This was less of a traditional crossover and more of an event where all the Spider-Man titles were affected for three months during the Acts of Vengeance storyline. Acts of Vengeance was about a group of super-villains who team up to come up with a plan to take out the world’s heroes. Super-villains will trade opponents and take on heroes who are not prepared for them. Things did well for the villains with Graviton handling Spider-Man easily until Spider-Man gained the power of Captain Universe. However, through a fluke accident, Spider-Man gained the POWERS but not the CONSCIOUSNESS of Captain Universe, so he did not know what was going on, just that he was much more powerful out of nowhere. Things continued like this, even in a fight against the Hulk (in Todd McFarlane’s last issue of Amazing Spider-Man)…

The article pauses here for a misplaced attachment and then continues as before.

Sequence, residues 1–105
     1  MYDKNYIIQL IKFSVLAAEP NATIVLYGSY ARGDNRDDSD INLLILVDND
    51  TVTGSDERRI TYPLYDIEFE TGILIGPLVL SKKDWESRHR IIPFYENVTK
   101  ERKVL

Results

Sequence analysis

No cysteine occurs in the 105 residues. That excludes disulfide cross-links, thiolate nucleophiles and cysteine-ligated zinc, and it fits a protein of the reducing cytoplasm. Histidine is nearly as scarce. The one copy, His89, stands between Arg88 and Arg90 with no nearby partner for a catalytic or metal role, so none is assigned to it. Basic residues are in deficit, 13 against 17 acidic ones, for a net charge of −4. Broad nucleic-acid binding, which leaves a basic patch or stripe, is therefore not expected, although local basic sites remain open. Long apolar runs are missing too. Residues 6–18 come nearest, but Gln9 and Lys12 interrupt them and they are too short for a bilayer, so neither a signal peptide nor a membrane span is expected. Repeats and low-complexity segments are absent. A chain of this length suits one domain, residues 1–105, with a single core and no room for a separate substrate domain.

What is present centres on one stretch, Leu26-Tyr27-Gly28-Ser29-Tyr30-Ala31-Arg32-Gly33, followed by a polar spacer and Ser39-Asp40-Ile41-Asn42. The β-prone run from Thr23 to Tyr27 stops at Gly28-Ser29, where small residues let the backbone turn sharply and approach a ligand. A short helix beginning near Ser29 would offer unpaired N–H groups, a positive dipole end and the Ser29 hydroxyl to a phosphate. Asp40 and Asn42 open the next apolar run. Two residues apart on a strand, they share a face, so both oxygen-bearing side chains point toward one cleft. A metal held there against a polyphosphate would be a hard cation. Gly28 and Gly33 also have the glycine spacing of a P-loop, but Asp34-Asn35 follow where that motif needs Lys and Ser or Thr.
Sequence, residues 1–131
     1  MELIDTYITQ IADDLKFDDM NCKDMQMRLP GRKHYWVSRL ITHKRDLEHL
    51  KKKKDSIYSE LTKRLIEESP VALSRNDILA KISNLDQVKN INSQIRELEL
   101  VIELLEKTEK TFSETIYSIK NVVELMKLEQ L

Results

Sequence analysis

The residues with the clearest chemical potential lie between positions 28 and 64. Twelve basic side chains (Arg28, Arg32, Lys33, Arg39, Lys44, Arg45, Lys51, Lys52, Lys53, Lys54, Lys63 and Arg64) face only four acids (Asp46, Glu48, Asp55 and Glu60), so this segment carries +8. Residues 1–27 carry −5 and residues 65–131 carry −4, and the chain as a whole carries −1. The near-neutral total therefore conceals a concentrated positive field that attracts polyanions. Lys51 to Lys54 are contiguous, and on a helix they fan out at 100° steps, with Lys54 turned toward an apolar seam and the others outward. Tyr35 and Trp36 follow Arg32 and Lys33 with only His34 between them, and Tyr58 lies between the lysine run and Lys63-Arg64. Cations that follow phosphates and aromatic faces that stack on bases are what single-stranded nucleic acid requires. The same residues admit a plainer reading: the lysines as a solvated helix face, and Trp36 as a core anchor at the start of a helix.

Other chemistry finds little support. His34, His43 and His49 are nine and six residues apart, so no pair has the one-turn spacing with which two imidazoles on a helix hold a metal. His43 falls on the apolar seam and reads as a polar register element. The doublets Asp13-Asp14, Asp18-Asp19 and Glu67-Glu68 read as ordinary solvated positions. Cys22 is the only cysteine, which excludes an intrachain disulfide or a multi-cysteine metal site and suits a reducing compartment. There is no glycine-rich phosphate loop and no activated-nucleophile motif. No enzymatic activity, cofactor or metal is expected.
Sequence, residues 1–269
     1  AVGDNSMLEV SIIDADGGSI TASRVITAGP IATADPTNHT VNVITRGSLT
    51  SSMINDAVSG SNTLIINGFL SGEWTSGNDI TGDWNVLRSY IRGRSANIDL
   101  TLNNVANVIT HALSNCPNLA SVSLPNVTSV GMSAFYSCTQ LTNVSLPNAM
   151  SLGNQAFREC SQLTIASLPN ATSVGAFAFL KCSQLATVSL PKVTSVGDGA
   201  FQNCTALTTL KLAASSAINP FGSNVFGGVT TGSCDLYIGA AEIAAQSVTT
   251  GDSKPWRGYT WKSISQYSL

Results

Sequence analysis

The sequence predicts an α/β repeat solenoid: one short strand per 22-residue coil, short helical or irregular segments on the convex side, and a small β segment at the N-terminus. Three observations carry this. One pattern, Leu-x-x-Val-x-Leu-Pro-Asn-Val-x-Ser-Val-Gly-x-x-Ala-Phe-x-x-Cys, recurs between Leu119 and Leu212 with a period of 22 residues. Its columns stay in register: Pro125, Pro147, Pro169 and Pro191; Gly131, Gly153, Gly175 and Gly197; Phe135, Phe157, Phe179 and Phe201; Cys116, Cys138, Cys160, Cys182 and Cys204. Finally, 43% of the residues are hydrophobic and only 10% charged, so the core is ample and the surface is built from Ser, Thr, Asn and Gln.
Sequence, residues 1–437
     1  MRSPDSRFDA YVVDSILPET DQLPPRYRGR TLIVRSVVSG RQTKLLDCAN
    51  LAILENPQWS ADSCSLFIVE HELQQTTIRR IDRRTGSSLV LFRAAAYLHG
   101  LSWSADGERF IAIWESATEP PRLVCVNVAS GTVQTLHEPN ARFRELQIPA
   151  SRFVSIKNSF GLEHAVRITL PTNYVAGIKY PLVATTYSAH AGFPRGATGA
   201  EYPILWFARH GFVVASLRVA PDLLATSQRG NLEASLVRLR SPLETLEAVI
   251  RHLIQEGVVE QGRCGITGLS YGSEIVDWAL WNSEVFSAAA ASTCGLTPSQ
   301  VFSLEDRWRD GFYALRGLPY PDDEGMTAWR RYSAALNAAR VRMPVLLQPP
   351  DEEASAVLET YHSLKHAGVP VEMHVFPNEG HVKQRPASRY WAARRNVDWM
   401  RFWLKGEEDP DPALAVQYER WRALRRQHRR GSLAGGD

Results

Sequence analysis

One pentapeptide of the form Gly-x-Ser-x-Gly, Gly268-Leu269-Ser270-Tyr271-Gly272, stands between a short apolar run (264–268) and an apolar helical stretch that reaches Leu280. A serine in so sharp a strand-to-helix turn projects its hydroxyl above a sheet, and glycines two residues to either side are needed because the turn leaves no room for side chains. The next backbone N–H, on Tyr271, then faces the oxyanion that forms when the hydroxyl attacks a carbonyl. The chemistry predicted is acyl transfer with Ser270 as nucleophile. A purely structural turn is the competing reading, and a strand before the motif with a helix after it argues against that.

Eventually, Spider-Man realizes the mistake but not before he has to take on the Tri-Sentinel! The creators (Gerry Conway and David Michelinie on the writing side, Alex Saviuk, Keith Williams, Sal Buscema, Todd McFarlane, Erik Larsen, Al Gordon and Andy Mushynsky on the art side) are clearly having a blast putting Spider-Man through the paces as suddenly a Superman-level hero. Plus, in Amazing, there’s a fun little subplot about Flash Thompson’s poor taste in women.
44. “A Death in the Family,” Peter Parker: Spider-Man (Volume 2) #44-47
After a big storyline where Norman Osborn essentially offers to make Peter Parker his heir (Peter eventually turns him down), Osborn was out of the picture. He returns in a big way with “A Death in the Family,” as Paul Jenkins expertly examines the strange relationship that the two men have with each other. Humberto Ramos and Wayne Faucher provide the artwork, which is powerful.